Application of Tenodesis for an Extremely Rare Hand Extensor Injury in an Athlete: A Case Report


Spontaneous tendon ruptures of the wrist are a rare pathology, usually secondary to rheumatoid arthritis or distal radius fractures and most commonly evolving the extensor pollicis longus. Sport-related etiology is a growing tendency of this pathology. As far as the authors know, this is one of the first sport-related extensor carpi radialis brevis (ECRB) isolated spontaneous rupture described in the literature. We describe a case of a 41 year-old female amateur kickboxer who developed acute dorsal radial pain in the right wrist during practice. After attempting conservative treatment for 4 months with rest and NSAIDs she recurred at our clinic. Local pain at dorsal wrist extension was observed. MRI demonstrated an isolated ECRB rupture with associated fibrous tissue proximal to the extensor retinaculum. Surgical management was proposed and consisted of fibrous tissue debridement and ECRB-ECRL tenodesis. At 3 months of follow-up the patient reported return-to-play with impaired wrist motion and mild pain at maximum wrist extension. At 12 months of follow-up the patient was completely recovered and asymptomatic. Isolated tendon ruptures are a rare pathology, causing extreme pain and disability in the sport setting. Surgical management of this ECRB tendon rupture by tenodesis allowed for appropriate pain control and functional results and early return-to-play.


Sports medicine, hand extensor injuries, tenodesis


Hand extensor tendon traumatic injuries are common lesions specially among young athletes [1]. Several risk factors may lead to this type of injuries such as professional exposure to repetitive hand movements, medications such as fluoroquinolones, corticosteroid use and also pathologies such as rheumatoid arthritis. Furthermore, anatomical variations such as a carpal boss may be the cause of these injuries [2-5]. When in the context of sport injuries, these are frequently associated with striking sports such as boxing or kickboxing. In these sports, due to the emphasis on punching movements against hard targets with a closed fist, the hand is subject to extremely high levels of axial force, which, especially when associated with poor technique/amateur practice, may lead to extensor tendon injuries [6].

Insertional injuries of ECRB/ECRL tendons are usually due to forced hyperflexion in an actively extended wrist [7]. Avulsion injuries of these tendons, in the base of the metacarpals are rare, due to strong capsule/ligament attachments [8]. The few cases described in the literature mostly involve young adults practicing high energy sport activities or falls [9].Clinical diagnosis is not always simple, as ecchymosis may not be present in the acute setting and the patient may present only with non-specific dorsal wrist pain and difficulty in dorsiflexion [8, 10]. X rays and CT- scans often do not diagnose this type of pathology even when a bony avulsion is present [7].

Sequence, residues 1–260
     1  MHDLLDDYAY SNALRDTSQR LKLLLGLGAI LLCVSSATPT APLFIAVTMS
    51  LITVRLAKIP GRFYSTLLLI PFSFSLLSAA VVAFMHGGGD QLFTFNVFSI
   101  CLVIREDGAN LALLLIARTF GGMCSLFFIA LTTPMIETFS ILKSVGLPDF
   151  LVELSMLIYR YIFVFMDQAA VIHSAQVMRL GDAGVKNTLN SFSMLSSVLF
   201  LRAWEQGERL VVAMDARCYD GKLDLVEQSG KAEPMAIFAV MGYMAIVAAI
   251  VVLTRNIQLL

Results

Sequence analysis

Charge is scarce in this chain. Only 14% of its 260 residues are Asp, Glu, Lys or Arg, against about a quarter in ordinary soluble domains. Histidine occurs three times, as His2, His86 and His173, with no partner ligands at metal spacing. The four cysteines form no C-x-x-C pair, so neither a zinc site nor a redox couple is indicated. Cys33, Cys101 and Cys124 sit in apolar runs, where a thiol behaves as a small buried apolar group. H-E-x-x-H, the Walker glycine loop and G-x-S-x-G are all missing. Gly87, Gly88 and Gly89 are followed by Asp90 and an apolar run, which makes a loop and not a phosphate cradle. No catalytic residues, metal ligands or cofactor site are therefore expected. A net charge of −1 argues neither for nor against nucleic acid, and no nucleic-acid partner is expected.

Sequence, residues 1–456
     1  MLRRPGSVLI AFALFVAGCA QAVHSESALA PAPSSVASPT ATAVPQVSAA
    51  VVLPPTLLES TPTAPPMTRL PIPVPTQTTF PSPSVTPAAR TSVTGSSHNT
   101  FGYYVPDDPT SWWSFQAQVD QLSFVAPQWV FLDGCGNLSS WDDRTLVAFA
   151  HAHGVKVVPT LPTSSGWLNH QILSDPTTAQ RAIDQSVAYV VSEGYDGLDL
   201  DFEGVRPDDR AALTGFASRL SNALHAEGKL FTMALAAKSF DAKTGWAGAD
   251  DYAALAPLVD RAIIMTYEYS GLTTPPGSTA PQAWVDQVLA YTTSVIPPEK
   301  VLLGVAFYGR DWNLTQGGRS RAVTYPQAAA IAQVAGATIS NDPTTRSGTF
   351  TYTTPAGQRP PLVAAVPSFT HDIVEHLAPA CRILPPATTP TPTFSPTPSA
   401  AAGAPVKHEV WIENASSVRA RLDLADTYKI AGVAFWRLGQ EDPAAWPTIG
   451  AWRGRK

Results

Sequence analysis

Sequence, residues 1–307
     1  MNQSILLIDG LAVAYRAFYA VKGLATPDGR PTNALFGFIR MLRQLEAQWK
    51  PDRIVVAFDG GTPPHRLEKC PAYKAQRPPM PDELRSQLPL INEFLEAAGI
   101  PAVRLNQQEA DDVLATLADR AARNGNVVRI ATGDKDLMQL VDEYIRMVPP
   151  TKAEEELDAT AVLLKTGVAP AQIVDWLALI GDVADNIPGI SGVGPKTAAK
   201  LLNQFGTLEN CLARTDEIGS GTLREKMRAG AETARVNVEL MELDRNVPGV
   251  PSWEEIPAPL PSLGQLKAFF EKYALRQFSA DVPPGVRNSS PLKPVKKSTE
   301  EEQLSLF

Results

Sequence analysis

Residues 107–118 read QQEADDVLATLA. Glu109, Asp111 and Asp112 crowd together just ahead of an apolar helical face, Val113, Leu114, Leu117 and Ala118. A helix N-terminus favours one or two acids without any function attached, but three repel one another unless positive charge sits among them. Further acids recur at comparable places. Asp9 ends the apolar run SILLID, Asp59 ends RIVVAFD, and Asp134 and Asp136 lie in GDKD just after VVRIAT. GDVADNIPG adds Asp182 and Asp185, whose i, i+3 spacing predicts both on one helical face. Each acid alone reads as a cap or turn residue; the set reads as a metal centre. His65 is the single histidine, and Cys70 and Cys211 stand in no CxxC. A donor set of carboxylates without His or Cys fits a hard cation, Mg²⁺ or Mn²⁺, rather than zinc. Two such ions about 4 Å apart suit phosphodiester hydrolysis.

When midsubstance tears are present, diagnosis can best be performed using MRI studies. As such, these lesions can be easily missed. Midsubstance extensor tendon tears are extremely rare and usually secondary to tendon atrophy and subsequent tear often due to attritional damage as is the case in rheumatoid or post-traumatic deformities [2, 3, 11]. Treatment usually comprises conservative measures with surgical treatment being recommended for the treatment of the insulting factor, as for the treatment of attritional rupture do to dorsal carpal boss [12, 13]. In this case report we describe the successful application of a tenodesis technique in the treatment of a sports related ECRB midsubstance rupture.

Case Description

A 41-year-old female, with no relevant past medical history came to our clinic due to sudden radial sided pain in the dorsal wrist. She described the onset of pain after a kickboxing training session, which she practiced twice a week in an amateur regime. The pain was located in the base of the dorsal aspect of the 2nd /3rd metacarpals and was associated with impaired wrist motion, mainly extension, which compromised her daily routine activities. At first, she tried to manage the case with rest and NSAID medication, with non-satisfactory results. Upon physical examination, there was noted radial dorsal side pain associated with wrist extension strength deficit when comparing with the contralateral side. MRI exam demonstrated an isolated distal ECRB rupture with associated fibrous tissue being present proximal to the extensor retinaculum (Figure 1). Surgical management of this lesion was decided.